GAS SAVING TIPS (FOR ROAD TRIPS)
41) There’s a widespread rumor that using premium fuel helps to improve your car’s fuel economy. This is totally false. If you believe this, I know some BP executives who have a story about the 2010 Deepwater Horizon oil spill not impacting wildlife to sell you.
42) Another crazy rumor is that you need to warm your vehicle up for 15 minute in colder months before driving it. This is also not true. The only reason to warm your car up is so that you’ll be toasty inside it and the windows will defrost. If you really want to conserve energy, wear warm clothes for the former and use a pitcher of hot water on the latter.
43) The myth that it takes more gas to start a car than it does to let it idle is one of the biggest misconceptions about fuel economy. Idling uses 1/4 to 1/2 a gallon of gas in an hour, costing just a couple of cents per minute. So if you’re stuck in stop-and-go traffic, it’s not worth it to stop and restart your car. But if you’re going to be idling for long, you’ll probably want to shut it off.
44) There are tons of “miracle products” at the gas station– known as aftermarket additives– that make bold claims about improving your gas mileage. But both Consumer Reports and the Federal Trade Commission have repeatedly refuted such claims. The only thing these products really do is lighten the load on your wallet!
45) If you really want to save money on road trips, the best things to do are drive sensibly (aggressive driving lowers gas mileage by 33%), maintain a steady speed, and remove excess weight (100 pounds in your trunk reduces your mpg by 2%). In terms of upkeep, keep your engine properly tuned, tires properly inflated, use your car’s recommended grade of motor oil, and and consider upgrading to a hybrid vehicle such as a Prius.
GREEN TRAVEL TIPS
46) Whenever you leave your hotel room, always turn off all the lights, heater or air conditioner, and TV. You can also close the curtains to keep the sun from heating up the room during the day.
47) Most of us do not wash our sheets and towels or vacuum the floors in our home every day. So why do it when you travel? We love to leave the “Do Not Disturb” sign on the door of our hotel so that the housekeeping staff won’t clean our room every day. This helps to save on cleaning supplies and the electricity used to vacuum and wash linens.
48) Save water by taking a BPA-free water bottle you can refill (LifeStraw works great for countries where water quality may be questionable). It also helps to turn off water while brushing your teeth and shaving, then turn it back on when you’re ready to rinse.
49) Use just one bar of soap for both sink and shower, and always take any unused remnants home for later use. Hotel staff will otherwise just throw them out.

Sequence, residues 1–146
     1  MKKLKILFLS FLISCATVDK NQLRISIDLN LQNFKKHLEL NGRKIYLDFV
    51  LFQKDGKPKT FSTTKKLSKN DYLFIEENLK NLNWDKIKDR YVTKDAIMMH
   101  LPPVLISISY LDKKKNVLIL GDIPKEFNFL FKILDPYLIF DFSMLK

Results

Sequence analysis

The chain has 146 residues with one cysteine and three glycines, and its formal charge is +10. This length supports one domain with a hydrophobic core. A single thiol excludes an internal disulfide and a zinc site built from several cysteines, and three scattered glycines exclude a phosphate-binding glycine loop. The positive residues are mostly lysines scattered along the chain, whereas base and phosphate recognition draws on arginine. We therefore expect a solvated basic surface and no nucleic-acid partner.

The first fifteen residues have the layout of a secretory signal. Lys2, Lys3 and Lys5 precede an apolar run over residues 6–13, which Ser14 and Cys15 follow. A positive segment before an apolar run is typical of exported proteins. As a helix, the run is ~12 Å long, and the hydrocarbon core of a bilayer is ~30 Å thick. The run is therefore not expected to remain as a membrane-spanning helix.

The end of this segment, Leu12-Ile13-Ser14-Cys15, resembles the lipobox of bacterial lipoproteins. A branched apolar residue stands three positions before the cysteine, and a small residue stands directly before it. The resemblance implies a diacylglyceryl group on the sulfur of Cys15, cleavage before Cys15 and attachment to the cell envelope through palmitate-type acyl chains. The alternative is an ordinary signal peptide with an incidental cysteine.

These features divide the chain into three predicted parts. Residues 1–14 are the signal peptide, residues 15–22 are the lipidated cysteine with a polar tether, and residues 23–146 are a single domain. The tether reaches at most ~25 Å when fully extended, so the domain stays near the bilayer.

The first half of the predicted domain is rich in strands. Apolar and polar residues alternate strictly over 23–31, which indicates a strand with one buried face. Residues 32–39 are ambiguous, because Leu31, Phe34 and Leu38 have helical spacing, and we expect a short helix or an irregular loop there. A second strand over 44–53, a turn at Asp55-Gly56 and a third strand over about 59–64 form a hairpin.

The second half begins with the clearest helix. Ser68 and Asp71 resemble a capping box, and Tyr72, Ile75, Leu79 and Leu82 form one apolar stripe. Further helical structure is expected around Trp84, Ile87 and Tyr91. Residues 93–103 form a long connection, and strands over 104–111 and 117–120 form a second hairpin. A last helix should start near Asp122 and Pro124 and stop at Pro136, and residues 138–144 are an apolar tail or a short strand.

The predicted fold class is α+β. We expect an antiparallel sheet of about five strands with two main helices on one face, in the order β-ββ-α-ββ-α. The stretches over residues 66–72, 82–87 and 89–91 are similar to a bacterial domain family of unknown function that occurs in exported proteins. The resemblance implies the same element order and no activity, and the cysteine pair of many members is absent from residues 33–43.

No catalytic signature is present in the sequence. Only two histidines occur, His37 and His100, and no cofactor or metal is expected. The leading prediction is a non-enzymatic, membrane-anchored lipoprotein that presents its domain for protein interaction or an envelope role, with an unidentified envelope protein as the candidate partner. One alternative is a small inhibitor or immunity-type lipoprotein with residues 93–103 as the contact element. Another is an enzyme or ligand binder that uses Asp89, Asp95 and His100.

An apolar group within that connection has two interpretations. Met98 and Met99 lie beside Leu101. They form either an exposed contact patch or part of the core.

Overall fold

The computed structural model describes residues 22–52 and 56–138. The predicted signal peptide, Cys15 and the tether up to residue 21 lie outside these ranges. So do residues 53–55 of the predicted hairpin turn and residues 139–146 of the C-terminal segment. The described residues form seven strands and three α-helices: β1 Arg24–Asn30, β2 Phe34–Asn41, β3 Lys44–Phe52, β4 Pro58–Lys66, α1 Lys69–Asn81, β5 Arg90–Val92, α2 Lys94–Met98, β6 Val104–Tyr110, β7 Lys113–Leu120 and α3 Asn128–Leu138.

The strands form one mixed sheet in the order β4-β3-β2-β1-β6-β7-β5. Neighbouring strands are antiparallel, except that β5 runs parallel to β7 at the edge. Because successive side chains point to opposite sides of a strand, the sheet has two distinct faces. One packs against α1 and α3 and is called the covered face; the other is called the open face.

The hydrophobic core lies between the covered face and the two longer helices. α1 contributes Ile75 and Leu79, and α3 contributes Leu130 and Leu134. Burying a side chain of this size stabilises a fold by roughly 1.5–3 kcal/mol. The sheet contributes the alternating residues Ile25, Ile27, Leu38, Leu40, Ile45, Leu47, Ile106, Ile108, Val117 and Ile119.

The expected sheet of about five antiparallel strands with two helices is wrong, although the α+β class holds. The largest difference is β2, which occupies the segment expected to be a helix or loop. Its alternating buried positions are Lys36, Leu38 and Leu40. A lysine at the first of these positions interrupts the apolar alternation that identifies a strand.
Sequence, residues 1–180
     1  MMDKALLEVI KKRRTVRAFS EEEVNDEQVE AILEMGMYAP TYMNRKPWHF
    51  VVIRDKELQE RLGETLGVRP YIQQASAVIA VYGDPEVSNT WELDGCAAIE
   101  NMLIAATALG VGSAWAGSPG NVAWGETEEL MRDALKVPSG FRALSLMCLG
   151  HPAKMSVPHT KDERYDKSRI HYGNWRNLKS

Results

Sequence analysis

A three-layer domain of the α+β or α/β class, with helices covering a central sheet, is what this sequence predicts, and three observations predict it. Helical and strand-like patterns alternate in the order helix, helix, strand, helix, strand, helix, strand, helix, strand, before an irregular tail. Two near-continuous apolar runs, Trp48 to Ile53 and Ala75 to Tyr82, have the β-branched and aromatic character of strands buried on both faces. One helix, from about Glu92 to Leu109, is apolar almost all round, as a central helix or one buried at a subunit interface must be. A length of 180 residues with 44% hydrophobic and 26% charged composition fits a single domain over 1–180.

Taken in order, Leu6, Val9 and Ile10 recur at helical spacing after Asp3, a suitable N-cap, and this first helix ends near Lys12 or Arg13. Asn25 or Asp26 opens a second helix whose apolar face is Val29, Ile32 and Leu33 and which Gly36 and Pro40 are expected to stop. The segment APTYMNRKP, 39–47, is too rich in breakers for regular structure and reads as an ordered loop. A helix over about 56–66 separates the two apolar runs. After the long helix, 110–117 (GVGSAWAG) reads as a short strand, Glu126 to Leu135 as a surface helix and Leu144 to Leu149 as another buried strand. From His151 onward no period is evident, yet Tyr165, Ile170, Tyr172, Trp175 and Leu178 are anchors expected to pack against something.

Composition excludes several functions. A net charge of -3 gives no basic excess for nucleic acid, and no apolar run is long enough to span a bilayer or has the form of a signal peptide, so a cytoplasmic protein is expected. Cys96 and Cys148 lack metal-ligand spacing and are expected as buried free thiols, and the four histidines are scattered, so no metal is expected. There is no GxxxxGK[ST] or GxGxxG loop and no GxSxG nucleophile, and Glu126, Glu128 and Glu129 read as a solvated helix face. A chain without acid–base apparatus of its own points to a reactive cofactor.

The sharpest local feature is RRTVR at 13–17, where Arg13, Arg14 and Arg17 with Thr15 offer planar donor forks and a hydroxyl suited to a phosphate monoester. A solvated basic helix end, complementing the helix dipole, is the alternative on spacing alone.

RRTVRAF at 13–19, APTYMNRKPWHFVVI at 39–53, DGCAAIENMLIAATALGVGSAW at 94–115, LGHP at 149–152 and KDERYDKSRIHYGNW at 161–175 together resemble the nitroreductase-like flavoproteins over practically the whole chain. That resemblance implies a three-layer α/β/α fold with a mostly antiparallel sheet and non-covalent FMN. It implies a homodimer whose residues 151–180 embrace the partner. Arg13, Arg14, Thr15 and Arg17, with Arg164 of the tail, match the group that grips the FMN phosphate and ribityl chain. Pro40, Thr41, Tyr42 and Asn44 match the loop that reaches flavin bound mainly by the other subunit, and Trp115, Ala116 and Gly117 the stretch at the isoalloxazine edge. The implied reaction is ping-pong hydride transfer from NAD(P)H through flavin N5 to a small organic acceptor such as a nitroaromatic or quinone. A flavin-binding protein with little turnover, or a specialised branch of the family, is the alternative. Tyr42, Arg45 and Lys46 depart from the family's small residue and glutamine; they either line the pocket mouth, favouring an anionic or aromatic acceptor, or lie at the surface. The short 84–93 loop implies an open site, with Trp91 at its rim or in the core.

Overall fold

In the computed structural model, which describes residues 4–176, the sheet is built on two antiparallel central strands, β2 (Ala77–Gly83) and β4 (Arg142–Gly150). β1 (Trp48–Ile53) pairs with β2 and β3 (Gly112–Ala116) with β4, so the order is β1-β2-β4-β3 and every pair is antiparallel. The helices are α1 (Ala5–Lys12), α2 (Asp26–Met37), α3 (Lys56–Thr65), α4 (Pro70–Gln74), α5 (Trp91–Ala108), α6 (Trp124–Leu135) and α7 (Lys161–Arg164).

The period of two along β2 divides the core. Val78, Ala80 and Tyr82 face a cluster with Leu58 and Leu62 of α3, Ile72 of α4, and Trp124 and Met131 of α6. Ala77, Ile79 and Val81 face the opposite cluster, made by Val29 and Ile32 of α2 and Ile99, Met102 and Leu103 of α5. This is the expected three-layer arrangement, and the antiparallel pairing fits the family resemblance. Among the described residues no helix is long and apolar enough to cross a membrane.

50) NEVER use the hotel’s laundry services, unless you have a full load that needs to be cleaned. Hotels will typically wash each guest’s clothes separately, even if there are only a few items. Washing just a few items wastes a ton of water!
51) If you go hiking, it’s best to do so with a local naturalist guide who can help you understand the ecosystem. If you do go alone, always tick to marked trails to avoid harming native flora. And consider taking a bag along to pick up trash you see along your journey.
52) Shop smarter. Read labels and don’t be afraid to ask questions like, “What is this item made from?” All over the planet, unscrupulous people sell items made from non-sustainable hardwoods, endangered species, and ancient artifacts. You have the power to vote with your wallet.
53) Try to book green hotels and eco lodges that use alternative energy sources, manages its water use and waste effectively, employs local people and uses local products, and has a recycling program. Look for certifications from LEED, Green Globe, Rainforest Alliance, and/or the Global Sustainable Tourism Council to ensure that they follow best practice for sustainability.
54) Buy locally made products, seeking out indigenous artisans and learning about their craft. It’s a much better souvenir than cheap, mass-produced crap from China. And getting to know the person behind the piece gives you a much better understanding of the local culture.
55) Speaking of local culture, embrace it! Try to learn a few words in the local language, listen to local music, eat what the locals eat, and maybe even learn a new dance step or two. Part of the fun of travel is learning how other people love and exploring traditions very different from your own. The more you engage, the more rewarding and transformative these experiences will be.
RESPONSIBLE ANIMAL ENCOUNTERS
56) Riding elephants is never OK, and it’s actually really bad for their bodies. Most of these peaceful pachyderms are put through a brutal training regimen known as the phajaan, which is violent, traumatic, and designed to crush their spirit. Elephants in the tourist trade (including those who paint on the streets of Asia) are often abused, usually at the painful end of electric prods or bull hooks.
57) Remember earlier, how we suggested embracing local cultural traditions when you travel? It’s also important to be conscious of when local traditions do not align with responsible travel ideals. It may be popular to watch bullfighting in Spain, bear-baiting in Pakistan, and cockfighting in parts of Latin America. But that doesn’t make it ethical for the animals that suffer as a result.
58) Many places in Africa offer “walking with lions” experiences under the premise of helping with lion conservation. This a terrible idea, both for your safety and that of the animals. Often these facilities are breeding grounds for the illicit canned hunting trade! Cuddling an adorable lion cub may seem like a dream come true, but the reality is that it’ll be a hunter’s trophy within a few years.
59) If you’re going to go snorkeling or Scuba diving, make sure the tour operator employs responsible guides. Ask whether they allow divers to touch or stand on coral, chum the waters to attract fish, offer any sort of marine conservation education to their guests, or give back to the local community.
60) Don’t buy products made from ivory (or any other animal part, for that matter). Ivory comes from the tusks of elephants, walruses, hippos and narwhal, and were once traded amongst indigenous people. But now it’s illegal to buy or sell ivory, and doing so means you are directly contributing to the death of one of these increasingly endangered animals.
ADDITIONAL RESOURCES FOR GOING GREEN
–includes contributions by Bret Love, Carisa Turner, Emma Jane Higgins, Holly Young & Jenni Williams